Monday, March 14, 2016

Vinyl Recap. Season 1. Episode 5: "He's in Racist Fire"

Richie and Devon Finestra: Not-so-happy together.  

What Worked, Vinyl, Episode 5: 
  • Clark's demotion to the mailroom. A bit over-the-top but let's face it....he was spotlighting some pretty crappy acts.  At least he's still in the game.
  • The showdown between punk rocker Kip Stevens and Richie Finestra in the conference room.  This is where the show shines -- when it focuses on the nitty gritty of musicians versus the all-knowing, all-powerful record labels.  Stevens mouthed off to Richie and we thought he was going to take it.  But he came back hard at him: "Shut your big f-ing mouth." 
  • Devon dancing with Hannibal in his hotel room while Richie and Cece watch.  Tense, uncomfortable, almost unwatchable -- but so interesting.  Was she going to head to the bedroom with him? Was Richie going to hit him? Was Richie going to sleep with Cece? Would Richie let Hannibal sleep with Devon to get the record contract?  Would Devon do that?  (Hannibal signs with Jackie Jervis later that evening and Jervis snorts Richie's coke.)

What Didn't Work, Vinyl Episode 5:
  • Julie's scenes with Jamie.  His sexist rant is already old and thin  -- and the show is only in the fifth episode of season one.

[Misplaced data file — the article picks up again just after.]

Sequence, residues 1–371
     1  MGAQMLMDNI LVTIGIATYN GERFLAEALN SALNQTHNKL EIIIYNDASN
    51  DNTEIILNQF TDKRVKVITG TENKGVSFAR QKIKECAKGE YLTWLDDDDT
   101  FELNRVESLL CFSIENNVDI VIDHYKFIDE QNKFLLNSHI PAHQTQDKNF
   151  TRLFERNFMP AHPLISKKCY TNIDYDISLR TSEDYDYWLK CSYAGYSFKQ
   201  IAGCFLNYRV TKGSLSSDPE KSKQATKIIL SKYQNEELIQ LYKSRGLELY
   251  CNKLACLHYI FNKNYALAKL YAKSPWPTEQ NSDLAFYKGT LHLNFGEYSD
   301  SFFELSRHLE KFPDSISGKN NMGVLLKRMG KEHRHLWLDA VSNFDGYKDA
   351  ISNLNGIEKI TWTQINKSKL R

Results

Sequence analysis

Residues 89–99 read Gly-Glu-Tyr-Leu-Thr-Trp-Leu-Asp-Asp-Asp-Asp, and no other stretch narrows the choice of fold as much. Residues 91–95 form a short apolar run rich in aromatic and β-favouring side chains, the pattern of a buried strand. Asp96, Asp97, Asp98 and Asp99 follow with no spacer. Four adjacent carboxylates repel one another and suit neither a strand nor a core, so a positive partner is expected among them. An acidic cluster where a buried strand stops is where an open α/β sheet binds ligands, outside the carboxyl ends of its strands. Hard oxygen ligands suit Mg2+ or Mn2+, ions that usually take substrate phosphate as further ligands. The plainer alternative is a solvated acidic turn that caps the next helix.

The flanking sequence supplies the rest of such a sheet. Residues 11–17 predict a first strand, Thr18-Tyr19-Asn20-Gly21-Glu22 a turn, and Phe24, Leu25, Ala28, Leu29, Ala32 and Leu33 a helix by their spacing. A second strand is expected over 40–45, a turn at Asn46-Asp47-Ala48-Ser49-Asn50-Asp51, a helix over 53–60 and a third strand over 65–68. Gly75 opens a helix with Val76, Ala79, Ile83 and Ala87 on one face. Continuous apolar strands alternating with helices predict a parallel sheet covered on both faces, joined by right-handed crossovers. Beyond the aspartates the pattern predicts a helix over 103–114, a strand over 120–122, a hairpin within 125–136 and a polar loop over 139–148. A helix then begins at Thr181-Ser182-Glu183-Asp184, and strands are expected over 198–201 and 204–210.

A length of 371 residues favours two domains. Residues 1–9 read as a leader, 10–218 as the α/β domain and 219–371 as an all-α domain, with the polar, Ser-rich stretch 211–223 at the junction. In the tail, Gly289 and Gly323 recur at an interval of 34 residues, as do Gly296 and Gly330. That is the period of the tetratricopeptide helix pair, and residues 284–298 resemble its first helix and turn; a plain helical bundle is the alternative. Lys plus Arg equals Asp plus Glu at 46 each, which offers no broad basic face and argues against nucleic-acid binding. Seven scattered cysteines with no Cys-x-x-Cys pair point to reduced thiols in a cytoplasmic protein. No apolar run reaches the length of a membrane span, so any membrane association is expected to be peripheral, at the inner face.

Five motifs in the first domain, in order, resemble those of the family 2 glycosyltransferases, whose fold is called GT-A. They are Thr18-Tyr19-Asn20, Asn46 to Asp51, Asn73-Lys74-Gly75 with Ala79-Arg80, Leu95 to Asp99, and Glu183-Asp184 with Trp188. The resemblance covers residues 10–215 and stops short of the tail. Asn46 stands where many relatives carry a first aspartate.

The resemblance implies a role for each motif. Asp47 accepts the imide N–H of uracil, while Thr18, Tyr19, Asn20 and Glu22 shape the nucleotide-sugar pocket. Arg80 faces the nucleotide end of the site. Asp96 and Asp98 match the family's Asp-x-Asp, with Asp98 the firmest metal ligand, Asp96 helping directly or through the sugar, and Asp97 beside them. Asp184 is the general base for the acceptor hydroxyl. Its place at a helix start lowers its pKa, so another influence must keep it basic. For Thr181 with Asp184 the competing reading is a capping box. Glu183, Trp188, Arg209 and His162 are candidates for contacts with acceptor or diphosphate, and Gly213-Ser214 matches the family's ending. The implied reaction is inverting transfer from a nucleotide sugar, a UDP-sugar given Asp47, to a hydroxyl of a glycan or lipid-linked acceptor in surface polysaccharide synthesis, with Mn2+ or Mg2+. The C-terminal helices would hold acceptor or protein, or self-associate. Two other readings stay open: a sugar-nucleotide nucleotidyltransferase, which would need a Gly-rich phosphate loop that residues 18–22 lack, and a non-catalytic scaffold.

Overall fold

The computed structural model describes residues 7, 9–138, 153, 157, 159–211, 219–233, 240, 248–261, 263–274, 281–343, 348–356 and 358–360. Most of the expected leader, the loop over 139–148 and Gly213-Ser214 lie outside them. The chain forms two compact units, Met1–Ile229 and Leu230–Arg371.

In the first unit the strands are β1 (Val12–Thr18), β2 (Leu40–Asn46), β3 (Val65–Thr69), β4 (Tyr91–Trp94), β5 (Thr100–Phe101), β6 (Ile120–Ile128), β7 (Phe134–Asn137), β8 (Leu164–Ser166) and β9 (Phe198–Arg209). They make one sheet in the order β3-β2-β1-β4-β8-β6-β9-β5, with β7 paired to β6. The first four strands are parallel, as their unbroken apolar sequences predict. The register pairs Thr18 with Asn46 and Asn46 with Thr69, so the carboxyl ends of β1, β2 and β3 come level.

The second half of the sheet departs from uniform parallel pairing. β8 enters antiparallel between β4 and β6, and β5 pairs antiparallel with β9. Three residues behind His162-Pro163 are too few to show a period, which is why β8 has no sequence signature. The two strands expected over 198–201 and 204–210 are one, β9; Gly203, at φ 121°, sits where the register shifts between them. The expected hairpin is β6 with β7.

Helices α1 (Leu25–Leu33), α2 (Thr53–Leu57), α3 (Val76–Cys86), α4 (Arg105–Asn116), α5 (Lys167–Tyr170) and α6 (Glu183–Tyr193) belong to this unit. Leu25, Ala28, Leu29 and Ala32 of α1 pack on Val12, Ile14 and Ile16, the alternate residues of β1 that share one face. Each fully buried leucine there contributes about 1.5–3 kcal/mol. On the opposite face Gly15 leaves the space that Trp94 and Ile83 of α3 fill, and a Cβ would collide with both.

• Jamie.  Her character doesn't really work so far.  Is she supposed to be the hot girl in the office?  The young record executive with good ears? The rebel kid from a rich family? Compare her character to Peggy's character in "Mad Men" and you'll get my drift.  (Peggy was a clearly defined character with a fascinating character arc that hooked us every season.)
  • Richie's scenes with PR maven Andrea Zito.  The setup was disjointed and not easy to follow.  And the scenes were too melodramatic.  
  • Richie's alibi scene in his office with his dad.  Once again, too melodramatic.
  • The Nasty Bits recording session.  Their music just isn't that good to make this scene even remotely interesting.  
Overall Grade for Vinyl Episode 5: (B-)  The series is turning into slick melodrama, which isn't necessarily a good thing.  It's watchable and even compelling, but it's not especially memorable.  Bobby Cannavale's performance comes across as too much of everything.  He needs to be more coiled and restrained.  

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